When Muhammad Ali, then known as Cassius Clay, first made the trip across the pond in 1963, he was met with hostility among the Brits. Three years later, having beaten the immensely popular British heavyweight Henry Cooper for a second time on May 21, 1966, a special relationship had formed between ‘The Greatest’ and the United Kingdom that would remain until the day he died in 2016.
In the 1960s, when the civil rights movement and racial strife was at its zenith in the USA, Ali was a divisive figure like no other. White Americans detested his brashness and his allegiance with the Nation of Islam, while many black Americans saw Ali as too confrontational.
Britain had problems of its own of course, especially with consideration to racial harmony, however Ali was far from a pariah on these shores, where much more admiration was given to the Louisville-born fighter’s exceptional boxing prowess in the ring, not what he did out of it.
It was far from love at first sight though and in 1963, when he first met ‘Our ‘Enry’ at Wembley, it’s fair to say he irked a lot of British fight fans by calling their idol a “bum” and a “tramp” in the pre-fight build-up.
Ali’s long-time trainer, Angelo Dundee, once said: “When we first went to London you could have shot the kid from a cannon and no one would have known him.”
Having survived the biggest scare of his career yet, bludgeoned to the canvas by Enry’s ‘Ammer, only surviving and winning thanks to some quick thinking from Dundee, Ali returned to America and wouldn’t come back to these shores until 1966, this time with the world heavyweight title he snatched from Sonny Liston in his possession.
When Ali returned to fight Cooper for a second time at Arsenal Football Club’s home ground Highbury on May 21, 1966, much had changed. The kid who could have been shot out of a cannon and not been noticed, suddenly found himself mobbed by hundreds of adoring fans and when he triumphed over Cooper again, a new romance between the American great and the people of Britain was cemented.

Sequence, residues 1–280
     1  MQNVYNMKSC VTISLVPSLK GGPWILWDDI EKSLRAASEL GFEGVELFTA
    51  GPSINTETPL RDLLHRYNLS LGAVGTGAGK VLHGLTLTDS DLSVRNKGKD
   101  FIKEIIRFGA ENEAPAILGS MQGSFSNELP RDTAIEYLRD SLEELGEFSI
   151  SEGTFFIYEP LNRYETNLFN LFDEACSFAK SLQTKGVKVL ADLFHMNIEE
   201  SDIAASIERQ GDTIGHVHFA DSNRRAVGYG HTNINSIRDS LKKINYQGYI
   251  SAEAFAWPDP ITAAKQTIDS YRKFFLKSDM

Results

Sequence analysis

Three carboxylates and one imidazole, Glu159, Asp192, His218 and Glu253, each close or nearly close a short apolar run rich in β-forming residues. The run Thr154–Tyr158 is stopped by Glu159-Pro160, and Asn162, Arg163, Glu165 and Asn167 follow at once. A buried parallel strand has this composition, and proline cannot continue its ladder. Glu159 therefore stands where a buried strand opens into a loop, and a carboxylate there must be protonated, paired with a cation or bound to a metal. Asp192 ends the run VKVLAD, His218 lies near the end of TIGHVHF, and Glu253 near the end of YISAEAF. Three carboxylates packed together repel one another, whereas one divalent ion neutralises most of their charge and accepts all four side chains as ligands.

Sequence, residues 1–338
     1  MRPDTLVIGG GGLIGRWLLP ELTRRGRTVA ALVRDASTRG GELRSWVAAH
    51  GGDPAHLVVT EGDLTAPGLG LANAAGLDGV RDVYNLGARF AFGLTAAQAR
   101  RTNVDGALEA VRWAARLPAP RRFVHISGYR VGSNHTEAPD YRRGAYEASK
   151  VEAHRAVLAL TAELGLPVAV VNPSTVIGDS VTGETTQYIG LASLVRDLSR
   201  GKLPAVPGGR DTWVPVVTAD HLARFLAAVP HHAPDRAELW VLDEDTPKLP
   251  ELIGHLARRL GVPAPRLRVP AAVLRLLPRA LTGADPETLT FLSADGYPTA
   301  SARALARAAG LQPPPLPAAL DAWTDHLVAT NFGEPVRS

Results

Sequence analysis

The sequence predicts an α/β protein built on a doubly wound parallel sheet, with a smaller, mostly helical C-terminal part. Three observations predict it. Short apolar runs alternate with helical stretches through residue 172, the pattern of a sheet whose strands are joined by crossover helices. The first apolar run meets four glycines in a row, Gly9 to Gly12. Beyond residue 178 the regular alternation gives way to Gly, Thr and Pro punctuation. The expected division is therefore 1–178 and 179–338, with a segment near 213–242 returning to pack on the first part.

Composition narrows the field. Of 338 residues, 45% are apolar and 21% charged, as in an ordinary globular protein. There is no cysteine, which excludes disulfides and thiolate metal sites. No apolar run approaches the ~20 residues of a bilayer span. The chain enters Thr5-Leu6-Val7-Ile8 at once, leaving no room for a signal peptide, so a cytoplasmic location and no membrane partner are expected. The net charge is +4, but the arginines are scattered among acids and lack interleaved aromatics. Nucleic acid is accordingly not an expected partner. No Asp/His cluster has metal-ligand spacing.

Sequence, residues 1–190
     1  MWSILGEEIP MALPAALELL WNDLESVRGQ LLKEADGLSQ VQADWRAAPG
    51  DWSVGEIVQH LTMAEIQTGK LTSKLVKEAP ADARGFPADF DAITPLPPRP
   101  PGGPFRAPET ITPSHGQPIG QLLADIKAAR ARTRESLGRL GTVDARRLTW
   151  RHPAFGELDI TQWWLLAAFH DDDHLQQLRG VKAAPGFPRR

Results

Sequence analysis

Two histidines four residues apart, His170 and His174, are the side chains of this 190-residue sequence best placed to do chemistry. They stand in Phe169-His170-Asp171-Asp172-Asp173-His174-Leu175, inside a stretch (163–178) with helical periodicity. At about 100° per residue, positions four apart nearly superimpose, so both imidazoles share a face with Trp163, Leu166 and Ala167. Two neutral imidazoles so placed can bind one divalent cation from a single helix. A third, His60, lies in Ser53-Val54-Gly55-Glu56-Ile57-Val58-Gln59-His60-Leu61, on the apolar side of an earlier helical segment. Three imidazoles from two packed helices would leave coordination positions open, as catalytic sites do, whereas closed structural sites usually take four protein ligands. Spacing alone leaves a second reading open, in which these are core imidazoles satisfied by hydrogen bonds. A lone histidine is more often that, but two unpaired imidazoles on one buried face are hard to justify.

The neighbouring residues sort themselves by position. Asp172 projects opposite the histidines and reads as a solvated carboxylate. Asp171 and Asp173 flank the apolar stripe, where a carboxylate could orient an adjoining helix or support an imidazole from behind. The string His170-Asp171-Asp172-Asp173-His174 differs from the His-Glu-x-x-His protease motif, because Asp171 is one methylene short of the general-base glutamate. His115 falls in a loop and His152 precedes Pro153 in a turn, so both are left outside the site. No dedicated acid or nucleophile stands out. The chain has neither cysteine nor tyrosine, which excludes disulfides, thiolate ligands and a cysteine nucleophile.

After his second dealing with Cooper, Ali appeared on UK television with the likes of Dudley Moore and Noel Coward, full of charm, wit and an unparalleled understanding of the classic tongue-in-cheek British sense of humour.
Unlike in America, where Ali was still public enemy number one, the Brits began to warm massively to him, in particular during his three year exile from boxing due to his refusal to be drafted into the Vietnam War on religious grounds, a decision which left him more ostracised than ever before in his homeland - if the Yanks didn’t want Ali, then the Brits certainly would take him.
It wasn’t a one way love affair either. His first impressions of our country might not have been great, citing his dislike for the small cars, roads and “less pretty women” but from ‘66 onwards he was a self proclaimed Anglophile. He relished the opportunity to mix it with the adoring public, whether that was teaching kids in Brixton how to do the Ali Shuffle or visiting a children’s home in Notting Hill, he always found the time.
“Britain can be ranked as number one as far as supporting me is concerned,” he told Dickie Davies in the early 1970s. “And the little hassles I had in the States, they didn’t pay no attention. They recognised me as their champion.”
Perhaps the clearest indication of Muhammad Ali’s love affair with Britain is his four televised interviews with Michael Parkinson where the mutual respect between prizefighter and presenter was abundantly clear.
In the fourth interview, with the effects of Parkinson’s Disease on Ali starting to become painfully clear to onlookers, Parkinson pleads with Ali that any worries for his personal health from the British public were purely because they loved him.
“It’s the affection they have for you. They’ve never felt about another boxer the way they felt about you,” he told Ali.
And it’s true. While Cooper was undoubtedly popular, no British boxer could possibly compete with the popularity Ali had in Britain at the time. Such was his popularity, there were serious talks in the months leading to his death that he would receive an honorary knighthood.
Sadly, Ali was too ill to return to Britain one last time when the 02 Arena in London hosted an Ali exhibition in his honour in 2016, though his legacy will undoubtedly live on forever. He may have been ‘The Louisville Lip,’ but he will always have fans on this side of the Atlantic.